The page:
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For the Love of Writing, Please Accept This Writing Challenge!

Unlike last time, today’s writing-related Challenge of the Week, as posted on Innovative Editing’s Facebook page, isn’t meant to downright torture you.

See? I am a nice editor and writing coach after all.

Moreover, instead of just posting the whole challenge in one straight shot like I usually do, I’m going to break this one up. That’s because the first line alone is worth highlighting, and I don’t want anyone to miss it for any reason whatsoever.

Writing Class 102 is now in session, and here’s your first takeaway:

Write down your story’s beginning. Then ignore it.

If that sounds odd, it really isn’t. It’s actually very, very, very sound, logical and necessary. This isn’t one of those writing challenges to take up if you have the time, inclination or, as with last week’s example, desire to drive yourself crazy.

It’s a challenge you need to take up if you ever want to finish your story.

It’s so intensely necessary that I resorted to underlining, bolding and italicizing part of it – which, in the editorial world, is practically a cardinal sin. Writers are supposed to be able to emphasize their messages using words alone, not tacky embellishments. And if writers can’t handle that task, then editors are supposed to be able to do it for them.

I could have my writing coach card revoked for ignoring that rule.

But this is such an important writing tip, and I genuinely care about your authorial journey so much, that I threw my editorial license and dignity to the wind.

New writers have a bad habit of writing out their first chapter, only to revise it before they write anything else. After taking that first important, amazing step of actually getting something down on paper, they’ll retrace their steps by reading back over it, only to recognize that it needs work.

So that’s exactly what they’ll do: They’ll work on it, then go back to read what they revised. In so doing, they’ll see other spots that can be strengthened. Or maybe they’ll have a brilliant idea for a later section that requires a full revamp.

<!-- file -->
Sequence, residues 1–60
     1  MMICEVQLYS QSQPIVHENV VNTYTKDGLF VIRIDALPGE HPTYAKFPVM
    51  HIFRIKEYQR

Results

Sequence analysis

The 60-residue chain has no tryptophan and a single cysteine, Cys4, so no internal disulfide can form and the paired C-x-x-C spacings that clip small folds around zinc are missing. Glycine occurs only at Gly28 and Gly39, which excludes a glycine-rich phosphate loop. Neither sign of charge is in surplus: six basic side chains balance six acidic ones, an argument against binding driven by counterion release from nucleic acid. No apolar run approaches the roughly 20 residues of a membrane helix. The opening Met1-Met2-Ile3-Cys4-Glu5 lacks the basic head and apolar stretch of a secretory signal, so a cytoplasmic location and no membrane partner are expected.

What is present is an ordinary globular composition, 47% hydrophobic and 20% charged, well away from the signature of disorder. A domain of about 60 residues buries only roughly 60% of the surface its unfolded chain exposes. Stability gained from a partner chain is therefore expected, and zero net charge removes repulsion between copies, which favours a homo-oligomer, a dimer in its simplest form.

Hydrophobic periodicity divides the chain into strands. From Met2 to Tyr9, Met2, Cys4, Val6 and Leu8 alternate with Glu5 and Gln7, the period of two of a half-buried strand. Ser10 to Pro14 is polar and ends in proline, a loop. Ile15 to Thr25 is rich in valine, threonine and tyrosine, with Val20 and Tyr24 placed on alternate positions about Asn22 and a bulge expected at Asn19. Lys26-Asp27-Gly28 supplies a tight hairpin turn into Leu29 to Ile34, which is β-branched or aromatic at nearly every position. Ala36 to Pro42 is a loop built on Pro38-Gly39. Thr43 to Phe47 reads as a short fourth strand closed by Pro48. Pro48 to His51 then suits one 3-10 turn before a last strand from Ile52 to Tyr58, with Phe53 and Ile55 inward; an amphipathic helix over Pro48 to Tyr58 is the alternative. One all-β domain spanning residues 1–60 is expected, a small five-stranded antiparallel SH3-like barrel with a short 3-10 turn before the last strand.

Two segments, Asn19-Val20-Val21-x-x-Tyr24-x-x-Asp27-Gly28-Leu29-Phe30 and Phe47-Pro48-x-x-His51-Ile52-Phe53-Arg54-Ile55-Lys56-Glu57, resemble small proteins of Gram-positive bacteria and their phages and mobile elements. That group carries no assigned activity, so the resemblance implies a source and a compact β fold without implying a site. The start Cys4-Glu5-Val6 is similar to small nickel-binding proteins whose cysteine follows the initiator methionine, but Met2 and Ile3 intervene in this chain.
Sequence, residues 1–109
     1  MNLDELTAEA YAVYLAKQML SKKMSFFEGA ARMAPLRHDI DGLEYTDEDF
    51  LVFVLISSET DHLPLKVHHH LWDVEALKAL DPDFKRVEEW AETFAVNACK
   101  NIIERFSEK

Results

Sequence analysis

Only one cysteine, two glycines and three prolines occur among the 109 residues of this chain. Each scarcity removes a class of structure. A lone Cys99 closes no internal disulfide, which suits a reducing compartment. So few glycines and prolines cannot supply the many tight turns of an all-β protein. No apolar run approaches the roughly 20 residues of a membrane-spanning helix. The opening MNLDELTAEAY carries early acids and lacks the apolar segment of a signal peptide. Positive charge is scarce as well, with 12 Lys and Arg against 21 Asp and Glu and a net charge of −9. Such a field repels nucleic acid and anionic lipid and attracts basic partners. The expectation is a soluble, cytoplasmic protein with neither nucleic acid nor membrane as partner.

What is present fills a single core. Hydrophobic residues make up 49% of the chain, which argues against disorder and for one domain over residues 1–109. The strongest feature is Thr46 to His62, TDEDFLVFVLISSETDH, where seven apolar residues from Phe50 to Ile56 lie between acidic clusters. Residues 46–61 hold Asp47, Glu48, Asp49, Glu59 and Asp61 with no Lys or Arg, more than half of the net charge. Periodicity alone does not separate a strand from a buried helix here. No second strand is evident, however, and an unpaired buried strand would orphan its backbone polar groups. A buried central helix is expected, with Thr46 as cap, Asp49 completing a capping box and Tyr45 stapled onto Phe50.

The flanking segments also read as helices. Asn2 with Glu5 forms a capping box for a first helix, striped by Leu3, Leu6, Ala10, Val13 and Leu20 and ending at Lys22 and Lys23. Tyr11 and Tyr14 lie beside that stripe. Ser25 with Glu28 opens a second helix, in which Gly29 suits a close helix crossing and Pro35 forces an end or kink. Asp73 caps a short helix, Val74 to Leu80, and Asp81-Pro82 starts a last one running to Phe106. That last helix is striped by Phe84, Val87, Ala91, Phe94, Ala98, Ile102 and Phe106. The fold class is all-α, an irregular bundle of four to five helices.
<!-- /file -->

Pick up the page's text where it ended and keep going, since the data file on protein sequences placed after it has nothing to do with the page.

Regardless, they’ll then work on what they revised, once again going back to read their revision and make sure it’s perfect before they continue.

Newsflash here though, oh, novice writer: It’s never going to be perfect. Perfection isn’t something to strive for in the writing world, especially the creative writing world, since there isn’t a perfect writer on the planet and there never will be.

What you want to strive for is to be a better writer. A stronger one. A storyteller who’s more clear and concise than he or she was the day before.

But you’re never going to become a superior storyteller if you never actually finish a story.

Now, it’s important to notice areas where you need improvement. It’s also important to go back and edit your words to make sure they come across as clearly as possible. In fact, I highly advise at least six rounds of edits for a novel.

However, that’s after you’ve completed your first draft, not during that initial stage.

Your one and only job in starting out your story is to continue your story. And the same writing rule applies if you’re working on non-fiction.

You wrote your first chapter? Awesome!

In that case, write the next one.

Done with the second chapter? Wonderful!

Move on to the third.

Then the fourth. Then the fifth… until you’ve got no more chapters to write.

Otherwise, if you stop at each smaller (but noteworthy) accomplishment in order to analyze it to pieces, you’re at grave risk of getting caught up in a perfectionist vortex that sucks you in and never lets you go.

If you get stuck somewhere or need to remind yourself of something, feel free to go back and read what you’ve got in order to inspire what you still need to get down. That’s it though: Just read, don’t edit. Or at least don’t edit a lot.

Just concentrate on finishing your first draft. After you have that finished, you can go back and revise that beginning of yours until your little writer’s heart is as content as possible.

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